We’ve had clients who prepare their own Medicare Cost Report, come to him after the Medicare has suspended billing during a review.

Healthcare Accounting Service

Our Healthcare Accounting Service are precisely that – healthcare accountants. With Gustavo A Viera CPA you will be assured that your Medicare Cost Report company has significant, relevant experience with healthcare providers like you. Your Healthcare Accounting Service team will involve individuals who spend virtually all of their professional time serving that healthcare industry – not necessarily manufacturing, retail or some other industries.

Viera provides audit and Healthcare Accounting to healthcare entities ranging in dimensions from small physician practices and ancillary providers to help multi-state integrated healthcare organizations with assets for longer than $1 billion. This experience across the spectrum of healthcare enables Healthcare Accounting Service to quickly identify the financial reporting areas of greatest risk to your small business and to more efficiently and effectively perform audit or accounting services. Further, our Healthcare Accounting Service teams are structured providing our senior executives more hours with our clients so as to provide the hands on encounter and oversight.

The following can be a partial listing of the categories of audit and Healthcare Accounting solutions Gustavo A Viera CPA offers our clients:

· Audits, feedback, and compilations of fiscal statements

· Audits in acquiescence with Government Auditing Principles and OMB Circular A-133

· Internal control reviews and risk assessments

· Impairment testing of intangible possessions

· Agreed-upon procedure reports together with special reporting

· Transaction accounting assistance, including allocation of final cost

· New accounting standard setup

· Outsourcing of inside audit functions

· Accounting insurance coverage and procedure manual advancement

As Healthcare Accounting Service dedicated to serving the healthcare market (over 75% of our revenues are healthcare related), we have available that resources to supplement the extensive knowledge of our Healthcare Accounting Service through the use of our dedicated reimbursement, scientific and healthcare tax sections. Our relationships with loaning institutions, bond underwriters and rating agencies are in a way that Viera is a nationally recognized Healthcare Accounting Service in connection with debt issues.

Our Medicare Cost Report consults practices and healthcare related small businesses at every stage with the business cycle across that spectrum of medical areas and allied fields. We help you to increase income, reduce costs and increase client/patient satisfaction.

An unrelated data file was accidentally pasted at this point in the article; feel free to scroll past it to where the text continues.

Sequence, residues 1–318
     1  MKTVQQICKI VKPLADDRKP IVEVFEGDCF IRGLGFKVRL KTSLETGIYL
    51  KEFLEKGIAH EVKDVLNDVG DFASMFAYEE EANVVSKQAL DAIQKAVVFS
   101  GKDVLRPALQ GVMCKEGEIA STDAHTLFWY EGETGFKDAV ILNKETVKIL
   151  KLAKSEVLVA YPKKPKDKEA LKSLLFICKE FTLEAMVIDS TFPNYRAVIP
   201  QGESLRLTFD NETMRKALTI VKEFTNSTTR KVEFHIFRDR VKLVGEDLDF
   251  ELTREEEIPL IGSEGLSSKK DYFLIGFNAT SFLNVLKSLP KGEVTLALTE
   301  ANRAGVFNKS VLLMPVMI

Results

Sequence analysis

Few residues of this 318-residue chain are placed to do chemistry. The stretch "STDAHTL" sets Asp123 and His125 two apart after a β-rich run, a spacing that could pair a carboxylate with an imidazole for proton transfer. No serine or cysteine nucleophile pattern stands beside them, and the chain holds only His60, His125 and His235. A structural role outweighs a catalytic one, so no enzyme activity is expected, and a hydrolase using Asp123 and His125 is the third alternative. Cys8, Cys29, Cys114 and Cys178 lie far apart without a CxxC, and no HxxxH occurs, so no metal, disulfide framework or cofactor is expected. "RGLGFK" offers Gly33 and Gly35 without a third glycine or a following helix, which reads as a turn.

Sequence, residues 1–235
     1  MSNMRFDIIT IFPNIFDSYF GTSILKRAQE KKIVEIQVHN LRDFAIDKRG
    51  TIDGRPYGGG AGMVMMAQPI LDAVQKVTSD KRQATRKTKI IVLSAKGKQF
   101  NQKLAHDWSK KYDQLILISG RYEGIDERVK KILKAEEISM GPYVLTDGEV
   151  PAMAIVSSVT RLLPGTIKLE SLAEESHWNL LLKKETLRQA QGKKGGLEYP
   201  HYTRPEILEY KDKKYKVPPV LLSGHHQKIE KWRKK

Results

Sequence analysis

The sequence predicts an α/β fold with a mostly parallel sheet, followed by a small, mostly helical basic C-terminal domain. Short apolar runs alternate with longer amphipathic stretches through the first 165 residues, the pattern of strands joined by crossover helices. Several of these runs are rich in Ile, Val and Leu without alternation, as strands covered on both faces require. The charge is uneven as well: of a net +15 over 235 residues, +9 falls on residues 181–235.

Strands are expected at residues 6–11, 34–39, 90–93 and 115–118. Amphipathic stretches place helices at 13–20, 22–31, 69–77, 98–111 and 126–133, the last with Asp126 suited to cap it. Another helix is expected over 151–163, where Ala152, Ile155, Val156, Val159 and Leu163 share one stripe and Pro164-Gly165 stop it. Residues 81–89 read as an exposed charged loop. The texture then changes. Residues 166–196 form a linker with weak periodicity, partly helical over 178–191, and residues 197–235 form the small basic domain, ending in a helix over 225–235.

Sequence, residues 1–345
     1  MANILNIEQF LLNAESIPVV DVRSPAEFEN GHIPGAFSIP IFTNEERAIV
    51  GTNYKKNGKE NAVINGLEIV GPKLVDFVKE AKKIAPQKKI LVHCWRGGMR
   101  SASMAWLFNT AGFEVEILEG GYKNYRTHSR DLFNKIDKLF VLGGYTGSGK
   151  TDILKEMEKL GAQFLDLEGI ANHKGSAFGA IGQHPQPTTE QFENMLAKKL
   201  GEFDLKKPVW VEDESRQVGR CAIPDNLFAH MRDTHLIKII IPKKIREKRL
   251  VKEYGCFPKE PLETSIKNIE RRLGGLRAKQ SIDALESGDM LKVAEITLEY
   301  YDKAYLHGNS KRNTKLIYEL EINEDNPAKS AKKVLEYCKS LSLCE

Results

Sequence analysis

Medicare Cost Report Payments for Meaningful Use of Electronic Health Records

Medicare Cost Report Payments for Meaningful Use of Electronic Health Records

The American Recovery and Reinvestment Act of 2009 (ARRA) established incentive payments under the Medicare Cost Report programs for certain professionals and hospitals that “meaningfully use” certified electronic health record (EHR) technology. These provisions of ARRA , together with certain of its other provisions, are referred to as the Health Information Technology for Economic and Clinical Health (HITECH) Act. The HITECH Act’s overall public policy goal is “to pro- mote the adoption and meaningful use of interoperable health information technology and qualified electronic health records (EHRs).” The government’s ultimate goal is to promote more effective (quality) and efficient healthcare delivery through the use of technology—reducing the total cost of Medicare Cost Report care for all Americans and using the savings to expand access to the healthcare system.

ARRA set aside $19 billion for making incentive payments to hospitals and physicians that implement and meaningfully use EHR technology by 2014. Incentive payments will be paid out over four years on a transitional schedule. To qualify for incentives under the HITECH Act, hospitals and physicians must meet EHR “meaningful use” criteria. The Centers for Medicare Cost Report (CMS) chose to take a phased approach to defining meaningful use (through three stages), using cri- teria that become more stringent over time.

Generally, it appears that short-term acute care IPPS hospitals3 receiving Medicare Cost Report payments have accounted for them using either a contingency model or an IAS 20 grant accounting model. Although the Securities and Exchange Commission (SEC) had not issued any formal views on EHR income recognition at the time this paper was published, preliminary indications are that SEC registrant hospitals are applying a contingency model. Other hospitals—i.e., those that are privately-held, not-for-profit, or governmental—appear to be choosing between the two models as a matter of accounting policy. If an SEC registrant chooses to apply any model other than a gain contingency model, consultation with the SEC staff is strongly recommended.

The remainder of this Medicare Cost Report position paper discusses accounting for the incentive payments under the two accounting models. Because the SEC has not yet issued any views on the specific requirements associated with the contingency model, the primary emphasis of this paper is on the grant accounting model.

1. See the July 28, 2010, Federal Register (starting on page 44314) for the final rule issued by the Department of Health and Human Services, Centers for Medicare & Medicaid Services, that implements the applicable provisions of ARRA.

2. Federal Register, p. 44316.

3. This is referring to “subsection (d) hospitals” in section 1886(d)(1)(B) of the Social Security Act that are paid under the hospital inpatient prospective payment system (IPPS) and are located in one of the 50 states or the District of Columbia.